The Catholic Church Fights The Scourge Of Gender Based Violence In Samburu


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Gender based violence is an issue that has been prevalent for far too long. This vice has continued to be a serious global health, human rights and development issue. It transcends the bounds of geography, race, culture, class and religion, touching virtually every community in every part of the globe. It is condoned by outdated customs and reinforced by institutions which are thriving because there is no fear of punishment. It affects men, women, boys and girls.
The development office of the Catholic diocese of Maralal in Samburu has an active desk that is mandated to ensure that issues on gender based violence are addressed. The Church is on the front line to fight the scourge of Female Genital Mutilation which is a harmful rite of passage that is practiced despite its negative side effects. It is one among the most common forms of gender based violence in Samburu. The procedure involves the unnecessary cut, incision or excision of any part of the female genital organs for cultural, ritual or social purposes depending on the community
Some 3 million women and girls face Female Genital Mutilation every year, while some 100 to 140 million have already undergone the practice. From a medical point of view it is unhealthy and causes adverse gynecological conditions. Some of the negative effects of the same include injury to adjacent tissues of the vagina, profuse bleeding, shock, acute urine retention, HIV/Aids infections, and recurrent urinary tract Infections.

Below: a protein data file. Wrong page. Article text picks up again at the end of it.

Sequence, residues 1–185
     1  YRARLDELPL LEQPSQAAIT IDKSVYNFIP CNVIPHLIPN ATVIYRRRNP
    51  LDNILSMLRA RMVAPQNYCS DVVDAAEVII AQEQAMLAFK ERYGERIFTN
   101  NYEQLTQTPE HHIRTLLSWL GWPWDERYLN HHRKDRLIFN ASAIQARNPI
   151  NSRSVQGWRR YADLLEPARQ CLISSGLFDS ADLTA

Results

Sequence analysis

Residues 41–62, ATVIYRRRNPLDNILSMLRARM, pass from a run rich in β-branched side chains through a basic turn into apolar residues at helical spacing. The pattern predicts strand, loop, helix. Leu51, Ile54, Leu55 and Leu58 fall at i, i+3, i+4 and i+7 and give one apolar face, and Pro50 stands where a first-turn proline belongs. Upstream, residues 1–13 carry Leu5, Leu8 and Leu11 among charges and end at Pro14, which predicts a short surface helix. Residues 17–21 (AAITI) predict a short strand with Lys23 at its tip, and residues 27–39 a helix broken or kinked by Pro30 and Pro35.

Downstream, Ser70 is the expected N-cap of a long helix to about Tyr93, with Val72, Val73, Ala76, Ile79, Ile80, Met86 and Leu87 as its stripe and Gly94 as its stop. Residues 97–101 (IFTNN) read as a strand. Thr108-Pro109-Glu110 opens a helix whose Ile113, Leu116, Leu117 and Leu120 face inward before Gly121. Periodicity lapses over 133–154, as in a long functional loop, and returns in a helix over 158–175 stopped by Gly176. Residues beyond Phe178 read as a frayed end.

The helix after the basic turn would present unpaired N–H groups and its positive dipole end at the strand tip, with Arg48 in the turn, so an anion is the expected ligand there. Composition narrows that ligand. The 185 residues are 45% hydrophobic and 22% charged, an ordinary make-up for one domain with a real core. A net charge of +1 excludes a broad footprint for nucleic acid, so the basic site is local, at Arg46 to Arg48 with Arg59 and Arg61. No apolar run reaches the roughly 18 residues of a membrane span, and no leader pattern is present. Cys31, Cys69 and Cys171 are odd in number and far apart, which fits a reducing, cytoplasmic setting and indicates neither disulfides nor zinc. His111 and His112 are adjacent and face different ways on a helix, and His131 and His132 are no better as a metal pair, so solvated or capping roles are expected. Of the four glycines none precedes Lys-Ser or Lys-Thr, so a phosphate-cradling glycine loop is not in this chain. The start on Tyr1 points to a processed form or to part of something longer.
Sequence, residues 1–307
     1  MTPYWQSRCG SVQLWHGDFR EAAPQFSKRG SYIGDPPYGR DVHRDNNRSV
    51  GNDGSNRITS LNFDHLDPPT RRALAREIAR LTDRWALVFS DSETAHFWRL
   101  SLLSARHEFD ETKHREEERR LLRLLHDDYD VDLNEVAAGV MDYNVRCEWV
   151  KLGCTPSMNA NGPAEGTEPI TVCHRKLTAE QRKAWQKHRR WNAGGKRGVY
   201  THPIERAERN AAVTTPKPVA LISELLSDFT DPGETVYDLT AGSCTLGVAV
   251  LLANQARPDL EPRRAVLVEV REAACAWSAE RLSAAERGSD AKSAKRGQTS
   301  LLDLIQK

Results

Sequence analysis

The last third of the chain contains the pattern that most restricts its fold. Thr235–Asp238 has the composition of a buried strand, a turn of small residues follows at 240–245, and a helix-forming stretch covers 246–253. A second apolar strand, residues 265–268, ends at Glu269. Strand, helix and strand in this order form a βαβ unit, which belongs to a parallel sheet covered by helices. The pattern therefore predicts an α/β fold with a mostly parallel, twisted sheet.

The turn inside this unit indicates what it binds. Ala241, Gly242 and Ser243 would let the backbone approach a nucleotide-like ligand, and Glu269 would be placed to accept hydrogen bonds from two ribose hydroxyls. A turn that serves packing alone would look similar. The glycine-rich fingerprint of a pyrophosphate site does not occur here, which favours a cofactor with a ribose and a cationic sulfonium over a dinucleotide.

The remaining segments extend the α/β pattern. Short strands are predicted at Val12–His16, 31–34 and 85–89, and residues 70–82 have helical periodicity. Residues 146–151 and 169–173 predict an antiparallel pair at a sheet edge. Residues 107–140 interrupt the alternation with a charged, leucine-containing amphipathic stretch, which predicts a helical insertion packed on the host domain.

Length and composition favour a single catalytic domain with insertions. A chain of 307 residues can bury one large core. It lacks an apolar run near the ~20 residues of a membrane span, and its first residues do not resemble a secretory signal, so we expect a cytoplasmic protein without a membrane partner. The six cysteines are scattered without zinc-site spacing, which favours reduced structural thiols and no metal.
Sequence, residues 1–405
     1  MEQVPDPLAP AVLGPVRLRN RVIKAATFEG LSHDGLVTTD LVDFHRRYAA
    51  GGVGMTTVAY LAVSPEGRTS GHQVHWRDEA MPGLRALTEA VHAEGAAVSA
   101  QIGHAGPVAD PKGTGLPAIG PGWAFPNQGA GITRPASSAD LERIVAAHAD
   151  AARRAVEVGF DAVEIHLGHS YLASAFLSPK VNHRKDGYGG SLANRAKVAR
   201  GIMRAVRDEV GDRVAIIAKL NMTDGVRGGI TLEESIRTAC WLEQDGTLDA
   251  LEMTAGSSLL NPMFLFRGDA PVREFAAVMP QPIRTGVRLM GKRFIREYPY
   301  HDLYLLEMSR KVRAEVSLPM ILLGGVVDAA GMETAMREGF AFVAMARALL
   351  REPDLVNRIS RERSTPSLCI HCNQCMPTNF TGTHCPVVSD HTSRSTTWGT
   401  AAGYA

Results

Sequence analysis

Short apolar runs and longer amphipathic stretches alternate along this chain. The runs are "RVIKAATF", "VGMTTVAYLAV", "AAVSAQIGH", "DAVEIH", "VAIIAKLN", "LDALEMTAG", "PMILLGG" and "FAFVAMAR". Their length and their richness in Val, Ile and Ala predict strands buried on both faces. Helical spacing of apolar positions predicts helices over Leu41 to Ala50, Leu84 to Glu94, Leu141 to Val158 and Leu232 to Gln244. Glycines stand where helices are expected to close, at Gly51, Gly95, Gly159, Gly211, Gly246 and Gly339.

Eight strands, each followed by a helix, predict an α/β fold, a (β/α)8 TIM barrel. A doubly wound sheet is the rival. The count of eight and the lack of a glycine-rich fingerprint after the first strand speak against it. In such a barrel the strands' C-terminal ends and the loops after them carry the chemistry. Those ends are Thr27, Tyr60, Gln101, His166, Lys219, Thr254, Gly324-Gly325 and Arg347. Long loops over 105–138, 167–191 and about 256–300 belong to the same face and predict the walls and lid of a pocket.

The diocese has facilitated awareness creation in Samburu County on the adverse effects of harmful cultural practices such as Female Genital Mutilation, early and forced marriages and sexual violence against women. The Justice and peace Department of the diocese deals with 4-5 cases of gender based violence every week.
Also, the Catholic Church has a girl child education and Rescue Centre in Suguta Mar Mar Parish premises, located 42 kilometres away from Samburu County headquarters. The Centre accommodates girls who have escaped from their homes to find shelter there. The girls are victims of FGM, forced/early marriages and other forms of gender based violence. The sister in charge of the rescue centre Sister Fransisca Nzilani says “it is difficult to support these girls without funding. The girls depend on the rescue centre for most of their basic needs which include sanitary towels, education, stationery, food, clothing and shelter on a monthly basis”
Agnes Nakutuni aged 13 was rescued from Angata Nanyukie two years ago. Sr. Fransisca Nzilani says that when they rescued the girl she had jiggers all over her body. The young girl also suffers from epilepsy and has incoherent speech. “It was daily routine for Agnes to be thrashed by her birth mum every day, when we rescued her she had cuts in every other part of her body” she further says. Two years down the line the Agnes has recovered and can now fetch water. The process of reconciliation with her birth mum has not been easy because the girl is still scared. One of the key things that victims need is professional counseling as they get detached from their family upon fleeing from this harmful rite of passage.